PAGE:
A highly relevant set of computational resource vulner­abilities concerns how virtual machine images are han­dled: the only feasible way of providing nearly identical server images - thus providing on-demand service for virtual servers - is by cloning template images.

Vulnerable virtual machine template images cause OS or application vulnerabilities to spread over many systems. An attacker might be able to analyze config­uration, patch level, and code in detail using admin­istrative rights by renting a virtual server as a service customer and thereby gaining knowledge helpful in attacking other customers’ images. A related problem is that an image can be taken from an untrustworthy source, a new phenomenon brought on especially by the emerging marketplace of virtual images for IaaS services. In this case, an image might, for example, have been manipulated so as to provide back-door ac­cess for an attacker.

Data leakage by virtual machine replication is a vulnerability that’s also rooted in the use of cloning for providing on-demand service. Cloning leads to data leakage problems regarding machine secrets: cer­tain elements of an OS - such as host keys and crypto­graphic salt values - are meant to be private to a single host. Cloning can violate this privacy assumption. Again, the emerging marketplace for virtual machine images, as in Amazon EC2, leads to a related problem: users can provide template images for other users by turning a running image into a template. Depending on how the image was used before creating a template from it, it could contain data that the user doesn’t wish to make public.

There are also control challenges here, including those related to cryptography use. Cryptographic vul­nerabilities due to weak random number generation might exist if the abstraction layer between the hard­ware and OS kernel introduced by virtualization is problematic for generating random numbers within a VME. Such generation requires an entropy source on the hardware level. Virtualization might have flawed mechanisms for tapping that entropy source, or hav­ing several VMEs on the same host might exhaust the available entropy, leading to weak random number generation. As we noted earlier, this abstraction layer also complicates the use of advanced security controls, such as hardware security modules, possibly leading to poor key management procedures.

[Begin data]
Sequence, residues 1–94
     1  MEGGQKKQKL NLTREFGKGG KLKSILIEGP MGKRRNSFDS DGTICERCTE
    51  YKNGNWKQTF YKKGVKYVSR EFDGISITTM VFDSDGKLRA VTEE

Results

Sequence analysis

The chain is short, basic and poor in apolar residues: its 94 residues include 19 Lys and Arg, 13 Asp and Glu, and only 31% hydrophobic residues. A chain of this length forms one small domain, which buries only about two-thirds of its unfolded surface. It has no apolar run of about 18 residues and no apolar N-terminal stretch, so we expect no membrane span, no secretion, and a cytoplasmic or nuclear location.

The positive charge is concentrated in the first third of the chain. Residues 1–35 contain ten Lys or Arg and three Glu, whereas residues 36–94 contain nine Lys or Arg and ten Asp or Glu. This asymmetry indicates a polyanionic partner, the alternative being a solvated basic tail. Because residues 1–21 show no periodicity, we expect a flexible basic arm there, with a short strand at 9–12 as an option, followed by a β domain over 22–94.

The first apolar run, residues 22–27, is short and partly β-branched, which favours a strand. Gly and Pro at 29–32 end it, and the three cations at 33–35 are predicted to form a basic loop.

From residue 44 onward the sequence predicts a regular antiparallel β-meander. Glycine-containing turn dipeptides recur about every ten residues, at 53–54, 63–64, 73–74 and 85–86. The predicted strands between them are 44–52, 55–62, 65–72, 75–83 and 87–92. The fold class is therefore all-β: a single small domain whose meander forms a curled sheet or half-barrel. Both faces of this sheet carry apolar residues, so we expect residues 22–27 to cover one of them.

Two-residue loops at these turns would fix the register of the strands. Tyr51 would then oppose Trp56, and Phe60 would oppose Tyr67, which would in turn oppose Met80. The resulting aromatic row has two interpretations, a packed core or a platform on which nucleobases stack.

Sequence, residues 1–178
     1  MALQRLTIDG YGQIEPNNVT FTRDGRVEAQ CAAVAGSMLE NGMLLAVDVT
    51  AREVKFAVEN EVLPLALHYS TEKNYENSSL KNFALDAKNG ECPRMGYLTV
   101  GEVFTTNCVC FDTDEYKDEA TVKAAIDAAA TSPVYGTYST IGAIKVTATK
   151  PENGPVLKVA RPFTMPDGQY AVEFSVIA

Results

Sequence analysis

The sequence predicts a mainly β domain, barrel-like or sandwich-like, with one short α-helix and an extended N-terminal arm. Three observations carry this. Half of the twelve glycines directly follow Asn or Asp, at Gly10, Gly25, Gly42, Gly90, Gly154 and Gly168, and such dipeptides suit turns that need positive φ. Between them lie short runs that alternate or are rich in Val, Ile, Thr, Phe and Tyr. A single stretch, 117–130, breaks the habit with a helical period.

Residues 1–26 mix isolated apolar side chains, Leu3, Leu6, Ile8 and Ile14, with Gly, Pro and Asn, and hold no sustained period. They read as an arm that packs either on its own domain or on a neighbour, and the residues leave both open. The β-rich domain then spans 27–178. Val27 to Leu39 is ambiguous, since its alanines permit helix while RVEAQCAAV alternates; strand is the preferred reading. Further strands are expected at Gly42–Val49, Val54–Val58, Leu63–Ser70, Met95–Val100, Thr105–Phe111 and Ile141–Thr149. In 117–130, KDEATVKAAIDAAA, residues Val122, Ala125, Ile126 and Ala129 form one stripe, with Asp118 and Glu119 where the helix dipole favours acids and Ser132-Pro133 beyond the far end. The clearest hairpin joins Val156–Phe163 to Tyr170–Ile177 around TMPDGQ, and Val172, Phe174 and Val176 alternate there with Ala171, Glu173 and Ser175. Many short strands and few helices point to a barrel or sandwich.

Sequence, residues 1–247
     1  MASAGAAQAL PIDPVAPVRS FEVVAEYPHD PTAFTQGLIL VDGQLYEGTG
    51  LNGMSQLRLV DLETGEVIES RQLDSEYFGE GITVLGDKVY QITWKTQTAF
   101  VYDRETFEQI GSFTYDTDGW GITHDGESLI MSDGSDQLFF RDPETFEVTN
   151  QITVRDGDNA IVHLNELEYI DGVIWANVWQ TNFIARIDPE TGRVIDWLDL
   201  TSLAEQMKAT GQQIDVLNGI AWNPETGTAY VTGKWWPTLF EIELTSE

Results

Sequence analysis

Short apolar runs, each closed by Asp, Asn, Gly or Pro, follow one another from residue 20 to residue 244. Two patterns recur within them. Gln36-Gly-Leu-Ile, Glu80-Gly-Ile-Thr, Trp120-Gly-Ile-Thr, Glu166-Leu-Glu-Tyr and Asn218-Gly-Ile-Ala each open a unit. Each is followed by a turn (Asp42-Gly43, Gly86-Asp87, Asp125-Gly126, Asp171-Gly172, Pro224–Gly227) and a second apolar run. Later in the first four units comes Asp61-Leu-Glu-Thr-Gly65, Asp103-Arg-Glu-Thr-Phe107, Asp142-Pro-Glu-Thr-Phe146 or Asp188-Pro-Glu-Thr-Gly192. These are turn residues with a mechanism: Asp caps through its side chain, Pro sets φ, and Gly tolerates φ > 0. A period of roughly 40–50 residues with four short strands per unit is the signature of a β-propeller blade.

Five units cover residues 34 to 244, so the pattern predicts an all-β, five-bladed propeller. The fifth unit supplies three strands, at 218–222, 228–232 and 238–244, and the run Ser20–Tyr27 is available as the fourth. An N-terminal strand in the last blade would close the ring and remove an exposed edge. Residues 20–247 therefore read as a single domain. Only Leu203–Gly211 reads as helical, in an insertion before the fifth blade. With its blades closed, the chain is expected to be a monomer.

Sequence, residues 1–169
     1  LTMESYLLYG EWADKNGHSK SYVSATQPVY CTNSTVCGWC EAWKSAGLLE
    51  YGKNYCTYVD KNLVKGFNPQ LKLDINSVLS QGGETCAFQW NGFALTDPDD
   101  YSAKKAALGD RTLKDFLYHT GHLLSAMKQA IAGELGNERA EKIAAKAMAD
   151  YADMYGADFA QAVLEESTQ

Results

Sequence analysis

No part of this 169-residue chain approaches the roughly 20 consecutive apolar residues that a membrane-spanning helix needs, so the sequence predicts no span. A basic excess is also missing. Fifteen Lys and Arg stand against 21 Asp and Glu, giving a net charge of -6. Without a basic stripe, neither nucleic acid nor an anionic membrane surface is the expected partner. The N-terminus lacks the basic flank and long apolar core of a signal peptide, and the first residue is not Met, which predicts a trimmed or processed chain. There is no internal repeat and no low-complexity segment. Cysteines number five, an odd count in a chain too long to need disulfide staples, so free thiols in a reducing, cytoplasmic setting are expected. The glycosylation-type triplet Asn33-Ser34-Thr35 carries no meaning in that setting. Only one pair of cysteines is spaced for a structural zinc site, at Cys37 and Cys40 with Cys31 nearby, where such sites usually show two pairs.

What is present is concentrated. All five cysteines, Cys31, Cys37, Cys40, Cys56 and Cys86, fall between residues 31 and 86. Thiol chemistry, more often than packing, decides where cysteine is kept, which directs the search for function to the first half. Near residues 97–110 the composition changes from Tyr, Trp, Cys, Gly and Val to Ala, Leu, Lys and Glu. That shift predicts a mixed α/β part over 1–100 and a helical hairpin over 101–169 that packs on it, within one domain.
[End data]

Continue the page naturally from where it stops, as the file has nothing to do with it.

In addition to data recovery vulnerability due to re­source pooling and elasticity, there’s a related control challenge in media sanitization, which is often hard or impossible to implement in a cloud context. For exam­ple, data destruction policies applicable at the end of a life cycle that require physical disk destruction can’t be carried out if a disk is still being used by another tenant.

Because cryptography is frequently used to overcome storage-related vulnerabilities, this core technology’s vulnerabilities - insecure or obsolete cryptography and poor key management - play a spe­cial role for cloud storage. 


The most prominent example of a cloud communi­cations service is the networking provided for VMEs in an IaaS environment. Because of resource pool­ing, several customers are likely to share certain net­work infrastructure components: vulnerabilities of shared network infrastructure components, such as vulnerabilities in a DNS server, Dynamic Host Con­figuration Protocol, and IP protocol vulnerabilities, might enable network-based cross-tenant attacks in an IaaS infrastructure.

Virtualized networking also presents a control challenge: again, in cloud services, the administrative access to IaaS network infrastructure and the possi­bility for tailoring network infrastructure are usually limited. Also, using technologies such as virtualiza­tion leads to a situation where network traffic occurs not only on “real” networks but also within virtual­ized networks (such as for communication between two VMEs hosted on the same server); most imple­mentations of virtual networking offer limited possi­bilities for integrating network-based security. All in all, this constitutes a control challenge of insufficient network-based controls because tried-and-tested network-level security controls might not work in a given cloud environment. 

Cloud Web Applications

A Web application uses browser technology as the front end for user interaction. With the increased up­take of browser-based computing technologies such as JavaScript, Java, Flash, and Silverlight, a Web cloud application falls into two parts: